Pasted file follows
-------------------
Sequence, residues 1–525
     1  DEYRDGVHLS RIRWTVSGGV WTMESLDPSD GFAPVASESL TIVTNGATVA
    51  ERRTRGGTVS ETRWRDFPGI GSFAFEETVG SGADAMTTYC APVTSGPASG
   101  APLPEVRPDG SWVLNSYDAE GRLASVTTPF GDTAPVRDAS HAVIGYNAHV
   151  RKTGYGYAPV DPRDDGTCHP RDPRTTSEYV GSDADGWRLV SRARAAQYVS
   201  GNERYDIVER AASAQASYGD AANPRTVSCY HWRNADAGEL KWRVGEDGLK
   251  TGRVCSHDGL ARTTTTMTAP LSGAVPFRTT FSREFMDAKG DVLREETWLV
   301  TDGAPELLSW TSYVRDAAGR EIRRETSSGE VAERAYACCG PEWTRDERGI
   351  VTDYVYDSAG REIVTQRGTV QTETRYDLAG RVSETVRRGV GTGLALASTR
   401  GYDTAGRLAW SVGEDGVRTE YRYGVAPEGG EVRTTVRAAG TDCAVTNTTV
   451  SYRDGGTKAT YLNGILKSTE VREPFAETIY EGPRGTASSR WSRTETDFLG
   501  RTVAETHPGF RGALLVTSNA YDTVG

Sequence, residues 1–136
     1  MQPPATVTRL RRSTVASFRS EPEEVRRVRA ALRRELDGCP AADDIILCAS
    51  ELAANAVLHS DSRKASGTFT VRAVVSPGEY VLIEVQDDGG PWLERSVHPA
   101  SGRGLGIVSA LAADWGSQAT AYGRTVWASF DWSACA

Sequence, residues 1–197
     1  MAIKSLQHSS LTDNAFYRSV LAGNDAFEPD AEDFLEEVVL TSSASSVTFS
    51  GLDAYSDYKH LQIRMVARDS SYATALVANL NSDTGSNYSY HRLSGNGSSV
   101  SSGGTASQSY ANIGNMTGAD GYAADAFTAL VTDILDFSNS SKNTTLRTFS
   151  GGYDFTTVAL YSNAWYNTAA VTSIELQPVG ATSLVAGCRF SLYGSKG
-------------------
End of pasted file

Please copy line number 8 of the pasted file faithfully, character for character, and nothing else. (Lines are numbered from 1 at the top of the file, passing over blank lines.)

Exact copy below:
   301  TDGAPELLSW TSYVRDAAGR EIRRETSSGE VAERAYACCG PEWTRDERGI